Friday, June 27

Top 3 Overused, Misused and Abused Software Effects

Wowzas! Time flies when you're working like a maniac! Oh well, if you're reading this thanks for being a steadfast Juggling Man blog reader! On to the article!

Before I get started I'd like to point out that though this article's purpose is to point out certain design faux pas that seem common, it certainly doesn't mean that one should quickly discount an effect as being tacky right. All of the below effects have been used very effectively by skilled designers. However, wether it be because of their commonality or for some other reason, the effects listed below tend to come off as well, tacky.


#3 on the most overused software effects list: The Drop Shadow!


Let's get this out of the way. Adding a drop shadow to images of your product will not make potential customers flock to your product thinking that your loaf of bread or whatever is magic because it can levitate. Also, drop shadows generally don't belong in logos!

Drop shadows tend to work better on screen. Why? Though print technology has come a long way, there are still many circumstances where a drop shadow will not reproduce well. If the stock is of inferior quality for instance. In which case it will just look like blob of ink. When do drop shadows come in handy? Well, when the design piece calls for a real shadow. Say you cut out a photo of a person to use in a layout for an ad. Good use of a drop shadow might make the image appear more natural if a shadow is cast behind the person.

Use drop shadows sparingly and with common sense.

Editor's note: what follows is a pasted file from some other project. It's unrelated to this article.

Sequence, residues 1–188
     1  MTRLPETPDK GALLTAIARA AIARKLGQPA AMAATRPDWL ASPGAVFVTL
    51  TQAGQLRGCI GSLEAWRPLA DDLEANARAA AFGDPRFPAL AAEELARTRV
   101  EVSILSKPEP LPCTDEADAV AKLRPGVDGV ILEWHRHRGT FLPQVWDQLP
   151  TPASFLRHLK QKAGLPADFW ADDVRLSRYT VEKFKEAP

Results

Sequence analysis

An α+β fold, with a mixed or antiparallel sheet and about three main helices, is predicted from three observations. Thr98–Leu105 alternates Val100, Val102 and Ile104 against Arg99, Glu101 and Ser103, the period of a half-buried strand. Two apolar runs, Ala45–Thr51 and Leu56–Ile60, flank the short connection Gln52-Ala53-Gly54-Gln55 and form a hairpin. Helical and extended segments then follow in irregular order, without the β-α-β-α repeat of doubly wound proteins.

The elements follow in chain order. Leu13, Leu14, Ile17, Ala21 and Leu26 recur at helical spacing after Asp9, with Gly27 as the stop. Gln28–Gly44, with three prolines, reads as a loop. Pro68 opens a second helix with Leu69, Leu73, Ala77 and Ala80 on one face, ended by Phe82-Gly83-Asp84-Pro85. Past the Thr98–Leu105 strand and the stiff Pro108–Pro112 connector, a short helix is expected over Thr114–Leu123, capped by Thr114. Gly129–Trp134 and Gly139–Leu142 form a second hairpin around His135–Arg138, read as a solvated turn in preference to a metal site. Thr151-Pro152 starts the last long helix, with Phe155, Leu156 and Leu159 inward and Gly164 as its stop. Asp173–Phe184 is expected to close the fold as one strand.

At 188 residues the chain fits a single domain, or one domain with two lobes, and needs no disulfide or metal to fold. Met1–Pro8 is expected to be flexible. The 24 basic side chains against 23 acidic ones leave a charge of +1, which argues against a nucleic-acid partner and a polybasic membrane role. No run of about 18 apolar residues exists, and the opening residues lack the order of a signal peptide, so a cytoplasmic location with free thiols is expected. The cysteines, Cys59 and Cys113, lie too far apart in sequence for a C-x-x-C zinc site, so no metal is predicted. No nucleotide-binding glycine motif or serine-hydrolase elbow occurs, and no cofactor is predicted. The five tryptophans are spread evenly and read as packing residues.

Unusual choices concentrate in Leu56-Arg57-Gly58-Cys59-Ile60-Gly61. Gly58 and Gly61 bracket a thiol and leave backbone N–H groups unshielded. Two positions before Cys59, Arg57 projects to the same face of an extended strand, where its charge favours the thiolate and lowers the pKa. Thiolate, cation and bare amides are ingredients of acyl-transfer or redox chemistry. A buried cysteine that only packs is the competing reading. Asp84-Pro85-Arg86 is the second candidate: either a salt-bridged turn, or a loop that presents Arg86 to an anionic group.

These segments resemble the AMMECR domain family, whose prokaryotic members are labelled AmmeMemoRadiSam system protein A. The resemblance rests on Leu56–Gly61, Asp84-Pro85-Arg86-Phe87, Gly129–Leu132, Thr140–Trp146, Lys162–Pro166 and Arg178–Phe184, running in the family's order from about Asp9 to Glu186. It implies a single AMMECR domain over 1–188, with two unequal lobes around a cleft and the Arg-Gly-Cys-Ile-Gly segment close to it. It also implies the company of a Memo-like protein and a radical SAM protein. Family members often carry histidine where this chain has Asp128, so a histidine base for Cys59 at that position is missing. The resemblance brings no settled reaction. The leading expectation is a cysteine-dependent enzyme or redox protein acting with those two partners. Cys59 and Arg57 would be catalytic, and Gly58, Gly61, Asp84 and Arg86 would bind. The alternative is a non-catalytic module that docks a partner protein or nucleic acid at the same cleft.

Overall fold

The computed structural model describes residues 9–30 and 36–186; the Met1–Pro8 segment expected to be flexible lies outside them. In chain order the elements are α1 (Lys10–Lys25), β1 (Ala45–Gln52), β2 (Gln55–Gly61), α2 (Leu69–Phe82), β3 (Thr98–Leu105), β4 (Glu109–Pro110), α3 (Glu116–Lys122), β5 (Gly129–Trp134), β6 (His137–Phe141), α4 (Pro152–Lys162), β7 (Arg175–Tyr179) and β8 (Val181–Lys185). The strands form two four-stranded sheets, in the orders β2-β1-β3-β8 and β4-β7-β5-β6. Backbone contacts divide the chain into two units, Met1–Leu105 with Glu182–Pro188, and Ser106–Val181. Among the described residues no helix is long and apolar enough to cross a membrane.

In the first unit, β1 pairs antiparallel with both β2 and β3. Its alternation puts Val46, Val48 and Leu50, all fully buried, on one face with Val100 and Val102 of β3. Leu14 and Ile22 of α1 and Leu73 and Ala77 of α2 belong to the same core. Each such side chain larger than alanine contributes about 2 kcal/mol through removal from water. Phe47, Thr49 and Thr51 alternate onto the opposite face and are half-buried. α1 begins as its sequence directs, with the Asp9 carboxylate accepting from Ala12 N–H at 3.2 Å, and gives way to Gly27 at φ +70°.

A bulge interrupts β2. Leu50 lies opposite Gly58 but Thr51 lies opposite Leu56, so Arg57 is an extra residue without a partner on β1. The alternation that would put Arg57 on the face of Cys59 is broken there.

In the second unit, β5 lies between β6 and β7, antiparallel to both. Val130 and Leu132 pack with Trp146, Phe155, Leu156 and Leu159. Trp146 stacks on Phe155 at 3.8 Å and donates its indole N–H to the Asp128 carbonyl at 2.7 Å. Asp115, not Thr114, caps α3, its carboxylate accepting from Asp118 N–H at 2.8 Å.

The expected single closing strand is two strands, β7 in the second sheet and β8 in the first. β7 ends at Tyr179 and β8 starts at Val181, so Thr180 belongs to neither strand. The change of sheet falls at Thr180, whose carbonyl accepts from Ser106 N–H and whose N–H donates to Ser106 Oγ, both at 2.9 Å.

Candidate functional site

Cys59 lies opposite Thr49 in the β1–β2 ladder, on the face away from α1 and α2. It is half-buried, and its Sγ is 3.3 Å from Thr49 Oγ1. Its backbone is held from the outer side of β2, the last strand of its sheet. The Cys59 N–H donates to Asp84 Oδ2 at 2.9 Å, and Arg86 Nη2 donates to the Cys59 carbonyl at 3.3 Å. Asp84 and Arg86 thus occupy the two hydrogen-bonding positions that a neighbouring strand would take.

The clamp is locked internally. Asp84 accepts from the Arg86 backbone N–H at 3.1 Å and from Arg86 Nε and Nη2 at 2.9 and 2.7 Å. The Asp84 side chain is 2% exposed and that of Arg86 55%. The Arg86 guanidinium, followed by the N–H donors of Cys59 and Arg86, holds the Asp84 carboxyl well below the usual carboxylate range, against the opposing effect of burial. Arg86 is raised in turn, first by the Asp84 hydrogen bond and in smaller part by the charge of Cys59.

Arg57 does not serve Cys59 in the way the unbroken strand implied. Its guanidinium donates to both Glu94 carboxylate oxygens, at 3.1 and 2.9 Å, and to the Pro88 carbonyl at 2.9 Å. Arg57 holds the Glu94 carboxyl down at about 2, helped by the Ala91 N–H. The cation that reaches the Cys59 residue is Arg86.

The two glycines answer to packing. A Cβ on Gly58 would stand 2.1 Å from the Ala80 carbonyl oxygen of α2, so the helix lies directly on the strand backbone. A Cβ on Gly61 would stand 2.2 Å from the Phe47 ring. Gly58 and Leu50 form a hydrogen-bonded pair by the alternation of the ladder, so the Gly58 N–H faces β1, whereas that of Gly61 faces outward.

#2 on the list: Lens flare!

I remember the first time I used Adobe Illustrator and found the lens flare tool. I played with it for about 15 minutes! Woo! Lens flare!

That got boring quickly. But apparently many have a much wider attention span than I do because I see lens flares all over the place. What's a lens flare? It is light refracted through a lens that creates an effect that looks something like this:


It's actually a photographic error but sometimes, when the light is at just the right angle and the aperture setting is just right, you can get a very dramatic and gorgeous lens flare effect. But those are rather rare and generally a lens flare is undesirable. Software can reproduce this effect (sort of) so that you can apply lens flare to anything! Even your cat!

Lens flare has been used successfully in some good designs but more often than not the effect just looks cheap.

Flare at your own risk.



#1 Most Overused, Misused and Abused Software Effect:


Drum Roll please ...

Bevels!

My goodness! Some people love their bevels don't they? A false assumption, similar to the one associated with drop shadows is that bevels will make things "pop". The truth is a bevel will likely just look like a cheap effect. Beveling has been put to good use in combination with subtle gradients to create some truly lovely logos. But more often than not bevels are applied as an after thought to text or images and end up making things a mess. See example below *shudder*.



If you're like me and are often tempted to just use effects simply for their novelty appeal; remember, nothing beats good ol' fashioned application of design principles. Not even a bevel.

What other effects have you noticed are overused, misused and abused?

2 comments:

Shayla said...

Hello, I've got an award for you over at my blog

aibrean said...

Amen! I made a blog post for logo design because Photoshop effects are being carried over (such as web 2.0) and I mentioned that it will date it. We are on the same page :)